David Lim • 4 minute read
FizzCore: A Growing Threat to Publishers’ Revenue and Audiences
Threat actors are malicious entities responsible for organizing and executing attacks that compromise the data of an individual or organization. In the world of programmatic advertising and digital publishing, new threat actors continuously emerge armed with advanced techniques and tactics to compromise data. Their immediate goal is to evade preventative measures that ad platforms and publishers implement to protect their audiences.
Confiant’s experience and expertise with threat intelligence inform our proactive approach to protecting our customers and the entire programmatic ad ecosystem. Case in point: Confiant tracked and researched the movement of a new threat actor that we identified as FizzCore. We then published the results of six months of research from August 2019 to January 2020. Publishers, ad platforms, and enterprises routinely use this intel to protect their audiences from this malicious but effective cryptocurrency scam.
FizzCore isn’t going anywhere anytime soon. We discovered these criminal ads targeting the UK in September, with ads surfacing in Germany and Italy in the following months. For now, FizzCore is focused on Europe because of the U.S.’s strict regulations surrounding cryptocurrency. However, FizzCore has inspired copycat threat actors around the globe who are testing and iterating new tactics to scam audiences, ultimately disrupting publishers’ revenue streams by damaging their trust, brand integrity, and reputation with audiences.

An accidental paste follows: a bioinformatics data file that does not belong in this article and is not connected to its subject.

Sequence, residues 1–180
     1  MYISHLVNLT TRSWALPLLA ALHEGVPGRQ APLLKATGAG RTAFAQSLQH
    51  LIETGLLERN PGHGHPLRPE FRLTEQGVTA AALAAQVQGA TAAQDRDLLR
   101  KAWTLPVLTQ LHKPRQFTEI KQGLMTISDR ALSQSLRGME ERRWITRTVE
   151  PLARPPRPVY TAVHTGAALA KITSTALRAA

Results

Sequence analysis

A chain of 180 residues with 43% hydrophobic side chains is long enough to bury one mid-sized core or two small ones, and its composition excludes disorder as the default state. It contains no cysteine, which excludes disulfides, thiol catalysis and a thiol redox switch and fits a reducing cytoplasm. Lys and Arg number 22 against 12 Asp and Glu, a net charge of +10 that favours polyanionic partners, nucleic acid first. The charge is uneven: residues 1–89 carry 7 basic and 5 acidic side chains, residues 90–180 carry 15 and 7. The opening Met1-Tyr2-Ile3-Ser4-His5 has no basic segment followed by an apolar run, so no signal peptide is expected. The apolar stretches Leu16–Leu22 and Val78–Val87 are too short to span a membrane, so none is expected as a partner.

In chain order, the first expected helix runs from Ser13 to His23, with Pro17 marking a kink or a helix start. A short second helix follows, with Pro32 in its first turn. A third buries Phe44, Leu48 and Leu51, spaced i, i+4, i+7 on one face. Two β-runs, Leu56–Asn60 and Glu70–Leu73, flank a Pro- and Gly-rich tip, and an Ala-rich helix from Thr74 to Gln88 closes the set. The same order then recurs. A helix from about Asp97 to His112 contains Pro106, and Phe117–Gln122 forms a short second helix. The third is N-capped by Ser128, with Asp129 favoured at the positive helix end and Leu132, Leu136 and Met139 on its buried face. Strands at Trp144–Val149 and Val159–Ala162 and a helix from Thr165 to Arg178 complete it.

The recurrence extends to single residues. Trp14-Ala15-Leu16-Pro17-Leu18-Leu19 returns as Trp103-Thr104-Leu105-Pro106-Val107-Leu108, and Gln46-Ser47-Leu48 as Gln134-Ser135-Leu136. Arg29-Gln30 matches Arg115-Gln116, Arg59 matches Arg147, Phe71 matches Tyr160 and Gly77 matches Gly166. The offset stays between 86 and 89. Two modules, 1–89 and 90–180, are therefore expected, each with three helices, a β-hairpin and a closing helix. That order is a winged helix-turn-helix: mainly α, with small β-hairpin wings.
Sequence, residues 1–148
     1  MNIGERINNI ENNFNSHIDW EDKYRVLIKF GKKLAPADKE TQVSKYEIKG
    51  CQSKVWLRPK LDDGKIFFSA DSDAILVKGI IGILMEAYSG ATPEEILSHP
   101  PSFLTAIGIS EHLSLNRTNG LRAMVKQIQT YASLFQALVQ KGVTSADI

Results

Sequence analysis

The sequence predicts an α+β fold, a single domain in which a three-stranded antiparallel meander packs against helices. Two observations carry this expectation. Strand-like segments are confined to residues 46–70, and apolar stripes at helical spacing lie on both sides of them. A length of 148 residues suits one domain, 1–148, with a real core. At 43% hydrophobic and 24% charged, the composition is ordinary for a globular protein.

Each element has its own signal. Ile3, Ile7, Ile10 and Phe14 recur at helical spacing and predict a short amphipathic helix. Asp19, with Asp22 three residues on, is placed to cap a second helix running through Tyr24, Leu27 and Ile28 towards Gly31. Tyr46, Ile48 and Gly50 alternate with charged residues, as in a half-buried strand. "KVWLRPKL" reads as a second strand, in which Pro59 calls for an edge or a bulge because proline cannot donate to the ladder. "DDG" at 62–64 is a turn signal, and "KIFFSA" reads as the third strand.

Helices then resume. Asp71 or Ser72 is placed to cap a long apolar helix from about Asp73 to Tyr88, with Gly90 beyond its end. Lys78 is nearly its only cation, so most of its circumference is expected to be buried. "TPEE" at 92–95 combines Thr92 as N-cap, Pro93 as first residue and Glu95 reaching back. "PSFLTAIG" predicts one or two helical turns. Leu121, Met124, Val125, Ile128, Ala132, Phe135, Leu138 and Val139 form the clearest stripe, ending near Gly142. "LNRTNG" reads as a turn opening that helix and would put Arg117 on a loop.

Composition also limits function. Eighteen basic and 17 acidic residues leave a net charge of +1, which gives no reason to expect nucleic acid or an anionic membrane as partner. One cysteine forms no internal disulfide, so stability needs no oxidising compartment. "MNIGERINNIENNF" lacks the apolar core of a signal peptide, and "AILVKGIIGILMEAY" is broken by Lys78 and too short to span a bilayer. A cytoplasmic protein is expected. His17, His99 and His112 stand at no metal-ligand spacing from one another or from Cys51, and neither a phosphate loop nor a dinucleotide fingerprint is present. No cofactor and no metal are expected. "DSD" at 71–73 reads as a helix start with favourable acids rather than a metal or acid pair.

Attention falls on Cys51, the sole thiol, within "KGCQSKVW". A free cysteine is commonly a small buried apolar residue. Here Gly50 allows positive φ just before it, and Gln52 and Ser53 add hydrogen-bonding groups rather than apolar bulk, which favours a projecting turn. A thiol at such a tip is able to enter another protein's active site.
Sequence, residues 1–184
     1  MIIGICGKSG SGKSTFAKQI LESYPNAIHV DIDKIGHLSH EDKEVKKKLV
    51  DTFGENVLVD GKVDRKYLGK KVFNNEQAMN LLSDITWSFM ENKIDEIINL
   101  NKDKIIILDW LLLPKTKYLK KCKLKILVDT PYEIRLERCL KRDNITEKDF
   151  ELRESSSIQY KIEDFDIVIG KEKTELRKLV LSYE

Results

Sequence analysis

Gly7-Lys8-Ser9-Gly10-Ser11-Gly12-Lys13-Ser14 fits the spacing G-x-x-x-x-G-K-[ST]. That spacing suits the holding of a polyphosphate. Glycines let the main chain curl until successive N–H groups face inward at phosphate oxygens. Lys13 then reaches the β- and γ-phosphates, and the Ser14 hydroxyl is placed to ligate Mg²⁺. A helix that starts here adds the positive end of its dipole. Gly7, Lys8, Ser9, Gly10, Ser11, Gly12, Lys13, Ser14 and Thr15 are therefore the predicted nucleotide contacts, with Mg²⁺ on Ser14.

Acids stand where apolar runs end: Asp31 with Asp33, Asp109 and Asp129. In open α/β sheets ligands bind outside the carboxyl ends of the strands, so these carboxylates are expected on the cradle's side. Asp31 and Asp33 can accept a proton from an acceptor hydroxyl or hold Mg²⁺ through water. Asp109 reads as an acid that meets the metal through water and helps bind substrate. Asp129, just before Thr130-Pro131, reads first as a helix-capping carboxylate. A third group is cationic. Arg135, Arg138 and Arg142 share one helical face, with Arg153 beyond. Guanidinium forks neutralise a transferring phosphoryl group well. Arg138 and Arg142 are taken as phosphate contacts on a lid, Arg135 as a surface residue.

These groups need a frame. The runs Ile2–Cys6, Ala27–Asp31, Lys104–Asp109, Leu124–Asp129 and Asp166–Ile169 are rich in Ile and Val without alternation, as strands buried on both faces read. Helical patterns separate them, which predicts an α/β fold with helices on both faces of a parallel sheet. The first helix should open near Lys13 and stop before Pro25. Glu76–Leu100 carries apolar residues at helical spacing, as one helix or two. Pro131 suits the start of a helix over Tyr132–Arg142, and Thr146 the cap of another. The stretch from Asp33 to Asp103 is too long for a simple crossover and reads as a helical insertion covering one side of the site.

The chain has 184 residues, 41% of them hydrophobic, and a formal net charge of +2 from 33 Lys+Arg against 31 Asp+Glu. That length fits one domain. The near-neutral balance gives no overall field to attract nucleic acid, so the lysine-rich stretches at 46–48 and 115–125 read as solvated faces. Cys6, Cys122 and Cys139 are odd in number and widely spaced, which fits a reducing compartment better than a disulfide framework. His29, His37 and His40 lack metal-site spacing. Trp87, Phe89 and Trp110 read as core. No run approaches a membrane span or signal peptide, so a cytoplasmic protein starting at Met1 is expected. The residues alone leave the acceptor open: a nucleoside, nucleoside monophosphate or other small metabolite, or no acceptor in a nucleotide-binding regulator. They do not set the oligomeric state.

Blurring the Lines Between Malvertising and Deceptive Ads
How does FizzCore work? How has it been able to successfully evade traditional digital advertising QA mechanisms and reach millions of visitors? In short, they are a large scale affiliate with global reach, utilizing cloaked deceptive ads to maximize persistence and click-through rates.
How FizzCore scams audiences in three steps:
- FizzCore distributes ad creatives containing shocking imagery to popular news sites in Europe, showcasing a fake photo of an injured celebrity. Because the image plays on human emotion, these creatives drive a very high click-through rate.
- After clicking the ad, the user is taken to a fake news article that acts as a pre-sale landing page for the scam. This page details how the celebrity recommends a bitcoin investment, encouraging the user to click once more into the bitcoin landing page.